By Maria Saporta
The saga to save the Crum & Forster building continues.
The Georgia Tech Foundation made a presentation Wednesday afternoon before the Atlanta Urban Design Commission saying it was not economically feasible to restore the entire building.
Instead, Georgia Tech is proposing keeping only the front third of the historic building so it can build a major development on the balance of the block bordered by Spring Street, Armstead Place, West Peachtree Street and Fourth Street.
But preservationists have argued that the three-story building should remain intact. So far, the preservationists have been successful in protecting the building, which was designed in 1926 and opened in 1928. The city has denied a demolition permit for what it has now listed as a landmark building.
The Georgia Tech Foundation has not given up.
“There is litigation ongoing with the City of Atlanta,” said Carl Westmoreland, an attorney for the Georgia Tech Foundation.
The application to demolish two-thirds of the building is based on the foundation’s argument that restoring the building would not provide reasonable economic return.
But Robert Zoeckler, the attorney representing the Atlanta Preservation Center, disagreed.
“The potential for redevelopment on this site is extremely high without touching the Crum & Forster building,” Zoeckler told the Urban Design Commission.
One of the big areas of disagreement is whether the Foundation paid too much to buy the Crum & Forster building in 2007. The purchase price was $11 million, but Zoeckler said the value of the property on county tax records at the time was $2.6 million.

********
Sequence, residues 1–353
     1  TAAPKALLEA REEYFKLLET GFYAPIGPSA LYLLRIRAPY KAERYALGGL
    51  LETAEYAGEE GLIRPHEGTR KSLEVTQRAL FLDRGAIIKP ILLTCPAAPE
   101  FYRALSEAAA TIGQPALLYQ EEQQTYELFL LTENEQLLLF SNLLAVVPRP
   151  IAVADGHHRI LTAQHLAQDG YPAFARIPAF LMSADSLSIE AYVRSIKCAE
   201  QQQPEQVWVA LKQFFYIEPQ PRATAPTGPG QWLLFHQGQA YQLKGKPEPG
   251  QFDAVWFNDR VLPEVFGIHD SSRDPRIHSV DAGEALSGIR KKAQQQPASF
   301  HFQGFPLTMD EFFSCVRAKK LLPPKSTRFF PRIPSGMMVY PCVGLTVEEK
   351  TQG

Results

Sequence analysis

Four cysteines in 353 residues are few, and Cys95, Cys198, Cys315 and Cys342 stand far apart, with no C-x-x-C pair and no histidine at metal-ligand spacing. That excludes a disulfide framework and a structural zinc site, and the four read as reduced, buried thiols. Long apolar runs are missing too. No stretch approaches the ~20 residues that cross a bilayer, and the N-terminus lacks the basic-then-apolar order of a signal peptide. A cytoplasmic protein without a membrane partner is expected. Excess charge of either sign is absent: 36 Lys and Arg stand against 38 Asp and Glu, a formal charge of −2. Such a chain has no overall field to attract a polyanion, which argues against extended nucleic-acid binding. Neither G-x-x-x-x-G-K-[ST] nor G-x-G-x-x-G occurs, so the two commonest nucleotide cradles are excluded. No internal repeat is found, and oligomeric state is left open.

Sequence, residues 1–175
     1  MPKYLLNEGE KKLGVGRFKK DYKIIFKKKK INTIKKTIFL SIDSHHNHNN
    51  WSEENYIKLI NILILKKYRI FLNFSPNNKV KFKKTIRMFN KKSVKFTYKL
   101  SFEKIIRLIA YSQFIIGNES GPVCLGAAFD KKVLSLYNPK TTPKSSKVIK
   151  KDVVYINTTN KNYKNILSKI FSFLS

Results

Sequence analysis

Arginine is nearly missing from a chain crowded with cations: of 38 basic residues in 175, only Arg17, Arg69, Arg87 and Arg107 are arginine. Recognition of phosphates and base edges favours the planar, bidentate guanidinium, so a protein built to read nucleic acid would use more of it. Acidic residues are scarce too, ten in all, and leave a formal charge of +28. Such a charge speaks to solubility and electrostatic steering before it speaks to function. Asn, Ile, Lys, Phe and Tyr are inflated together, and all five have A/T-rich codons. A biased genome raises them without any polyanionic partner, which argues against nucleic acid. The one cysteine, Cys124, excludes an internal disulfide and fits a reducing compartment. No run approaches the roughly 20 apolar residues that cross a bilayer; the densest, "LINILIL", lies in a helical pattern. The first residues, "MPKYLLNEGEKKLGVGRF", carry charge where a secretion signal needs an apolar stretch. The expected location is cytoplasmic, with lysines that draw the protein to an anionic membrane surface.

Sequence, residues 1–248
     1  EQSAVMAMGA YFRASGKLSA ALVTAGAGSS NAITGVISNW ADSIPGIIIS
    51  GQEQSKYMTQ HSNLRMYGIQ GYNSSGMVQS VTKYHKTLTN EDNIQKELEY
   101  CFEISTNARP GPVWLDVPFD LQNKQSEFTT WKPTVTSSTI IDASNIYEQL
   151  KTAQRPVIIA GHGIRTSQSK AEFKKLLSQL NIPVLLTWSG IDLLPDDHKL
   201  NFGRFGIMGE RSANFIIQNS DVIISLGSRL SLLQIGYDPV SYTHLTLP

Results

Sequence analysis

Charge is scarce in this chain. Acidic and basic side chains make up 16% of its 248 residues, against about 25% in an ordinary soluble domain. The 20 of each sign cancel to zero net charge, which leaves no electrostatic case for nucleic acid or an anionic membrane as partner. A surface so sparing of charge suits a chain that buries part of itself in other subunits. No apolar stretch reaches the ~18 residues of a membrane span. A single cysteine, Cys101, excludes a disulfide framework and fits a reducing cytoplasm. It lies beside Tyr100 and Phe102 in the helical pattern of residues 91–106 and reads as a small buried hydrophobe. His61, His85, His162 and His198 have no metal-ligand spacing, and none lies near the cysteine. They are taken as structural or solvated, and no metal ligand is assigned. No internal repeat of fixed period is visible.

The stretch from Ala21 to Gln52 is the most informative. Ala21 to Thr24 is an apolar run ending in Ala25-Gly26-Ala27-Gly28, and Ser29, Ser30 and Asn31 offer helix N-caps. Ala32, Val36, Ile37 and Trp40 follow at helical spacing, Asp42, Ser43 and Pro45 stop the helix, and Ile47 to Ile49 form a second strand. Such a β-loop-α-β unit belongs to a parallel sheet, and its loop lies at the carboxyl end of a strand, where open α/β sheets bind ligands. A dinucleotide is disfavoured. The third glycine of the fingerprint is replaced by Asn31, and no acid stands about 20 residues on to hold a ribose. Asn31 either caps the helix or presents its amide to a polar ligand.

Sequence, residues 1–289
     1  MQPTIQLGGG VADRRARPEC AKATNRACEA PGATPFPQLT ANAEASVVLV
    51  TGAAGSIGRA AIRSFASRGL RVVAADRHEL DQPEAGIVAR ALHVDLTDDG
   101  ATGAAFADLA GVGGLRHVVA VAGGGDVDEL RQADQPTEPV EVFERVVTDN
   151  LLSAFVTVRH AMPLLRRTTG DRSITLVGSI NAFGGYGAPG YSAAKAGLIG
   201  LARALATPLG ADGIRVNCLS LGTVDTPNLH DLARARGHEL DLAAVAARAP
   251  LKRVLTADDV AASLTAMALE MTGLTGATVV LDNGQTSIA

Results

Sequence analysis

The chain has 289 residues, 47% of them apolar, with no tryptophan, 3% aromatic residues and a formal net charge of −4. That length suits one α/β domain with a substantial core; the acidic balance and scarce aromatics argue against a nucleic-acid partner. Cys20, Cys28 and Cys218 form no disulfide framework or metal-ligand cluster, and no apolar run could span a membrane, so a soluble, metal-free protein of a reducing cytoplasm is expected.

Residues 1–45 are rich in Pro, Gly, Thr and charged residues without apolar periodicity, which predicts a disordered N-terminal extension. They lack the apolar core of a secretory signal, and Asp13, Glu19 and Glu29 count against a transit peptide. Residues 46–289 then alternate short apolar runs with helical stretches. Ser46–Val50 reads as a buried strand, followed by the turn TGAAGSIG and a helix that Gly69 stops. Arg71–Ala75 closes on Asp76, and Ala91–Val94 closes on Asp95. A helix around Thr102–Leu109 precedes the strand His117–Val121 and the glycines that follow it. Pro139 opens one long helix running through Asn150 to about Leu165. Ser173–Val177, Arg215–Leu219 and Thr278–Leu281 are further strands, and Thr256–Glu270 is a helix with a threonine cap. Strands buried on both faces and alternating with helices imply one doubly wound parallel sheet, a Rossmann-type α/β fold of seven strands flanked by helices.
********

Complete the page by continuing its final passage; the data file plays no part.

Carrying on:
“We are seeing here a vast discrepancy,” Zoeckler said, adding that the building shouldn’t be allowed to be demolished just because the Foundation paid too much for the property and is now arguing preserving the entire structure is not economically viable.
About 30 people attended the meeting, most wearing green-and-white stickers to save the historic building. Zoeckler also mentioned that several organizations oppose the demolition of the building, including the National Trust for Historic Preservation.
Boyd Coons, executive director of the Atlanta Preservation Center, described Crum & Forster as “one of the most superb examples” of classic architecture in Atlanta. He also appealed to the Urban Design Commission, which he said was “independent of politics and other pressures.”
The next step is that the application to demolish two-thirds of the building now will go before an “Economic Review Panel” — three people will decide whether it is economically viable to preserve the building. The burden of proof is on the applicant — in this case, Georgia Tech.
Georgia Tech gets to appoint one person to the panel; the commission appoints one person; and then those two people select the third panelist.
Westmoreland said that Georgia Tech had selected developer Tom Aderhold, who has completed several preservation projects in Atlanta, including “The Stacks” in Cabbagetown. Aderhold’s late father — John Aderhold — was a Georgia Tech alum who had remained actively involved with the institution.